Cardiac arrest – an electrical malfunction in the heart causing an irregular heartbeat (arrhythmia) disrupting blood flow to vital organs – is a leading cause of death in the United States with more than 350,000 out-of-hospital events occurring each year according to the American Heart Association. When a person has a cardiac arrest, what happens in the following seconds and minutes directly impacts their survival. 90% of victims who experience out-of-hospital cardiac arrests die. But these two steps can triple a victim’s chance of life.
If you or a loved one are experienced any of the warning signs above, it’s important to call 911 and seek out emergency care before initiating any level of CPR.
Perform hands-only CPR
After you’ve called 911, get directly over the victim. Place the heel of one hand at the center of their chest. Then, place the other hand on top, securing both hands by locking your fingers together. Push hard and fast giving 100-120 compressions per minute until help arrives.
The steps for performing hands-only CPR for an adult differ from those of an infant or child, and should only be performed on ages 13 and up. Watch the video below to learn how to provide life-saving care for an infant or child.
What are the warning signs?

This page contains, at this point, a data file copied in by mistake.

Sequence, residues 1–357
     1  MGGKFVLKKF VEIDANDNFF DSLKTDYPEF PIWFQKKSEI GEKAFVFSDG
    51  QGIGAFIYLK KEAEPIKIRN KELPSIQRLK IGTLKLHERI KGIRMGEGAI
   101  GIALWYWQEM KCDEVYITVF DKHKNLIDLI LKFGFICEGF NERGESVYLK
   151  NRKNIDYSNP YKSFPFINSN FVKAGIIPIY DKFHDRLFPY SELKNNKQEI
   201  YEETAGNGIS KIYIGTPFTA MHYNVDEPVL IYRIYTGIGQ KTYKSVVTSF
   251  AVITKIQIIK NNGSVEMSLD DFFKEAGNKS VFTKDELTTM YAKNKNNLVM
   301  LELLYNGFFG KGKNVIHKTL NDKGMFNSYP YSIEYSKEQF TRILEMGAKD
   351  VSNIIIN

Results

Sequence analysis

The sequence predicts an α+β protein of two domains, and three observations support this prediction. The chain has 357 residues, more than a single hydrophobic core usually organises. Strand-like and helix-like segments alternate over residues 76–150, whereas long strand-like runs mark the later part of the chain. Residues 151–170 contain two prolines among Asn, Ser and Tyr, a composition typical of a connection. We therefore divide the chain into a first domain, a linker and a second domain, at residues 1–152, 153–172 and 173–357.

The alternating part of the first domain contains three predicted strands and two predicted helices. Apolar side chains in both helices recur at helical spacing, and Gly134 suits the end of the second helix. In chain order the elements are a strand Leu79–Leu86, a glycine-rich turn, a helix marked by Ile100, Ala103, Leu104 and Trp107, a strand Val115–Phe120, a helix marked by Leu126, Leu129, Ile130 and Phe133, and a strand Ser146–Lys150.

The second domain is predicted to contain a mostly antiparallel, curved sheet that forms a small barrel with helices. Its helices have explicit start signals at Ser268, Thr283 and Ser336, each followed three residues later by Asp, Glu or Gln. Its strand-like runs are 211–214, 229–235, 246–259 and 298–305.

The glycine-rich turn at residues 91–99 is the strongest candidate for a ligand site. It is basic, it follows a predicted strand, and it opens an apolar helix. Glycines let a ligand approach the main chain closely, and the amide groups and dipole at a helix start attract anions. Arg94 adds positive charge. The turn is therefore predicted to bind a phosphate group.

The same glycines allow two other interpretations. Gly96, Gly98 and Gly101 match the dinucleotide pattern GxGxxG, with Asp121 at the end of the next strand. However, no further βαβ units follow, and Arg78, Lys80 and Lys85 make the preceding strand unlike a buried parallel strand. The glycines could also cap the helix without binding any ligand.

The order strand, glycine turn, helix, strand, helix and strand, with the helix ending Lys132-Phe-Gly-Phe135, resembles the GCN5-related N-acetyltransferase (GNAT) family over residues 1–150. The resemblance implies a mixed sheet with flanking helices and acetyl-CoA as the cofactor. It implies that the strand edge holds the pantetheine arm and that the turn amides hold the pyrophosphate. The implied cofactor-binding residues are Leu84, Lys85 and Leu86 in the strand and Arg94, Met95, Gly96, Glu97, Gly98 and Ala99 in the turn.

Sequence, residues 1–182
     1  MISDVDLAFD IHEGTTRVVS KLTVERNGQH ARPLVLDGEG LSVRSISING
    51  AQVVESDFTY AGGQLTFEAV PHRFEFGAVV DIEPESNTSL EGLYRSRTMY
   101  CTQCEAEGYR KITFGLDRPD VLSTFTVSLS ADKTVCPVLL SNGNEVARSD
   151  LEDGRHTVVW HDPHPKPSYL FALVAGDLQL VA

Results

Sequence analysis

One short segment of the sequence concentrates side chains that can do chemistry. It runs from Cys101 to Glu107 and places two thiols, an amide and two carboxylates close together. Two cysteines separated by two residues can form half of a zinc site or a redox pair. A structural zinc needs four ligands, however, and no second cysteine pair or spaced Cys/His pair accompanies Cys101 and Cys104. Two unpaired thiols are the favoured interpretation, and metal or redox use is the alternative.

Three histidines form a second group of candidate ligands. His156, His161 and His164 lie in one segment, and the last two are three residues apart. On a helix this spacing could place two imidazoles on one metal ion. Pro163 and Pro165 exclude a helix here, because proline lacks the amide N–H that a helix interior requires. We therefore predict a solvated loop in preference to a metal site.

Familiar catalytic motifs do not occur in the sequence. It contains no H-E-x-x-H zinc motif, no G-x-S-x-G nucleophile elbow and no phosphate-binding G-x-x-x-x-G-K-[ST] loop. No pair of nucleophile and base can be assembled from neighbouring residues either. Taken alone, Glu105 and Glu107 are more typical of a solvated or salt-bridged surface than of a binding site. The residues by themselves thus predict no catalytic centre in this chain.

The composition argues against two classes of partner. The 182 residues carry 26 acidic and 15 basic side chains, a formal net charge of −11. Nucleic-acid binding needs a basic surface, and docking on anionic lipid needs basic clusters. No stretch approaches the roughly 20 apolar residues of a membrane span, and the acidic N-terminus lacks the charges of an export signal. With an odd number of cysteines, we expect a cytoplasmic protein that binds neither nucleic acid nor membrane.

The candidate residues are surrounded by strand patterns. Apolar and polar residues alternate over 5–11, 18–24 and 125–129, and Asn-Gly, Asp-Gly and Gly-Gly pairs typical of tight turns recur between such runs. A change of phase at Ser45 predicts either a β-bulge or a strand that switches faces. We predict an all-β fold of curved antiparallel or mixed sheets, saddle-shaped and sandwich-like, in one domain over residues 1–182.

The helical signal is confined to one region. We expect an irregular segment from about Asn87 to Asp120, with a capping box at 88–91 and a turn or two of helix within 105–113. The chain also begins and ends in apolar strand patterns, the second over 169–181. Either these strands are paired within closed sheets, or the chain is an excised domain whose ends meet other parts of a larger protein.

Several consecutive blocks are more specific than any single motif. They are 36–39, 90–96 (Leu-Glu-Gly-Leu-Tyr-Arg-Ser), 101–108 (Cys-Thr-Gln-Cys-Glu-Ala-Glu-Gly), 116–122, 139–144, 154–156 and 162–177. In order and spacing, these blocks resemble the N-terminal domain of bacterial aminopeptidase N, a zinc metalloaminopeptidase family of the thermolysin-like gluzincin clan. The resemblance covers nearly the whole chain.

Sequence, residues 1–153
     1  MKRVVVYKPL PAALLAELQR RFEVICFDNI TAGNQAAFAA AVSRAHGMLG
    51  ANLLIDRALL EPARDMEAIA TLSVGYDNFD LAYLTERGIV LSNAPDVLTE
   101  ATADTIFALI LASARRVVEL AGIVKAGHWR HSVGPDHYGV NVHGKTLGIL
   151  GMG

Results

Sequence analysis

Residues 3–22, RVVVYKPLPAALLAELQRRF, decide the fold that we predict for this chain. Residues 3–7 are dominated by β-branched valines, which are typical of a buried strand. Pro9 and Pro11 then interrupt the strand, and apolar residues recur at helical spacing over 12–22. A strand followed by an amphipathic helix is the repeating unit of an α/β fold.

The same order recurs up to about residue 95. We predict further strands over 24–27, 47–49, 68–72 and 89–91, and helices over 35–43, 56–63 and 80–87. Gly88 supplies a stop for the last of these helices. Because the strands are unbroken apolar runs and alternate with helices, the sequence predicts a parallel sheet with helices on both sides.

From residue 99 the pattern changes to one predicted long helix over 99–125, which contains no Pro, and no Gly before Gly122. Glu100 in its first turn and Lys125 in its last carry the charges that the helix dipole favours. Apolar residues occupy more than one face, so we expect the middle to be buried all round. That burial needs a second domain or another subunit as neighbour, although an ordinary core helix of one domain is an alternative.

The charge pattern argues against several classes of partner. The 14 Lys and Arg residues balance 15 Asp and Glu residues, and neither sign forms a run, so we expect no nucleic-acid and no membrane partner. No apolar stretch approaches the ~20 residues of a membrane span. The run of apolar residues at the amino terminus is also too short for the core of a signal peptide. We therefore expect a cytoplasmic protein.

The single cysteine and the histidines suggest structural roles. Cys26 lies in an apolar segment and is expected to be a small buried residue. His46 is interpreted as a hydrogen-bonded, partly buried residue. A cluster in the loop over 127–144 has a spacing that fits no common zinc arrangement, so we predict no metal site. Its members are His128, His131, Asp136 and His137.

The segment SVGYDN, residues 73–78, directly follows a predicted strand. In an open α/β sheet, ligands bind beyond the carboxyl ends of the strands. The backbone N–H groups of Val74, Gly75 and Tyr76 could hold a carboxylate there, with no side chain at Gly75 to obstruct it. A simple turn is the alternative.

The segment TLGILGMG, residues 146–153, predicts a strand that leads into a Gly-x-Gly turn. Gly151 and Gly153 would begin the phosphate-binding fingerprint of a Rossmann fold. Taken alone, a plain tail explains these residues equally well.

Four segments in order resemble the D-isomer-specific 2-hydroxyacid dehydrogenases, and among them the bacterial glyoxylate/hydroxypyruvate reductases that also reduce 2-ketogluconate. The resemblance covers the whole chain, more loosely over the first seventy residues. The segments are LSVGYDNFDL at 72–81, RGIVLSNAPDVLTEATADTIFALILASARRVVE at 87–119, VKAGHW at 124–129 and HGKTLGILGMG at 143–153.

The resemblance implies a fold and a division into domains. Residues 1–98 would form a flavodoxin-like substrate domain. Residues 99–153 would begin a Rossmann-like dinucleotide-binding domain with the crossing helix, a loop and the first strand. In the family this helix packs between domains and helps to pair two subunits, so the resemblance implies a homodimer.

Cardiac arrests often occur without warning. It’s important to know what to look for if you or a loved one experience:
- Sudden loss of responsiveness
- No breathing
Unlike cardiac arrests, most heart attacks come on slowly, with mild pain or discomfort. Sometimes warning signs can be missed because they may be minor or explained away. However, it’s important to seek out emergency care if you or a loved experience:
- Chest pain or discomfort that lasts more than a few minutes
- Pain or discomfort in your arm, back, neck or jaw
- Shortness of breath
- Cold sweat
Could you or a loved one be at risk?
Family history, high blood pressure and high cholesterol are all factors that can influence your heart’s health. The earlier you know which factors impact you and your heart’s health, the quicker you can get them under control decreasing your risk for a serious heart event. Take our free risk assessment to calculate your personal level of risk.
A survivor’s perspective
For Sarah it was a normal day running errands and picking up dinner. But just a few hours later that night after falling asleep, Sarah’s husband woke up to find her in full cardiac arrest. He immediately called 911 and initiated hands-only CPR. For Sarah and her family, those two steps had a life changing impact.
For additional resources, visit the American Heart Association.
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